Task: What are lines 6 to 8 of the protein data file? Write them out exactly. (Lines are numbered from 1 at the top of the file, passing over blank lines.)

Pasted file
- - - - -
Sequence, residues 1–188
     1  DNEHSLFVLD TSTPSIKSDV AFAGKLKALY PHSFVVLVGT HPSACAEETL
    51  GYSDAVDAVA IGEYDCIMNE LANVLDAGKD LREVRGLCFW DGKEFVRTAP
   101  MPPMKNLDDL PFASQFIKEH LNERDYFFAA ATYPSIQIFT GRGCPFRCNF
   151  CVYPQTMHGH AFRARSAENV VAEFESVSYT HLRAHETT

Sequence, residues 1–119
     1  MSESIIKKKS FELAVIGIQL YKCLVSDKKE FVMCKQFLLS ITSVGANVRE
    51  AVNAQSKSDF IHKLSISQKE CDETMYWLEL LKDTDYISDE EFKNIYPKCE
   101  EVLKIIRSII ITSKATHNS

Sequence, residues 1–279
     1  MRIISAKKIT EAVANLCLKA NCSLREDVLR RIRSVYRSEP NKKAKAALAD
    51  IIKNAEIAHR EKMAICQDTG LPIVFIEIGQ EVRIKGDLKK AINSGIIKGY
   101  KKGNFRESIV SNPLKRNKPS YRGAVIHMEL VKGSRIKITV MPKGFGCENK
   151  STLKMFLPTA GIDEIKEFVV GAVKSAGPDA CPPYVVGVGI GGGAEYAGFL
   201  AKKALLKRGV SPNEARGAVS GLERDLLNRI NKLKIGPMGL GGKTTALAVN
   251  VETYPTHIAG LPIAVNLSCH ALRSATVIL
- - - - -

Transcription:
Sequence, residues 1–119
     1  MSESIIKKKS FELAVIGIQL YKCLVSDKKE FVMCKQFLLS ITSVGANVRE
    51  AVNAQSKSDF IHKLSISQKE CDETMYWLEL LKDTDYISDE EFKNIYPKCE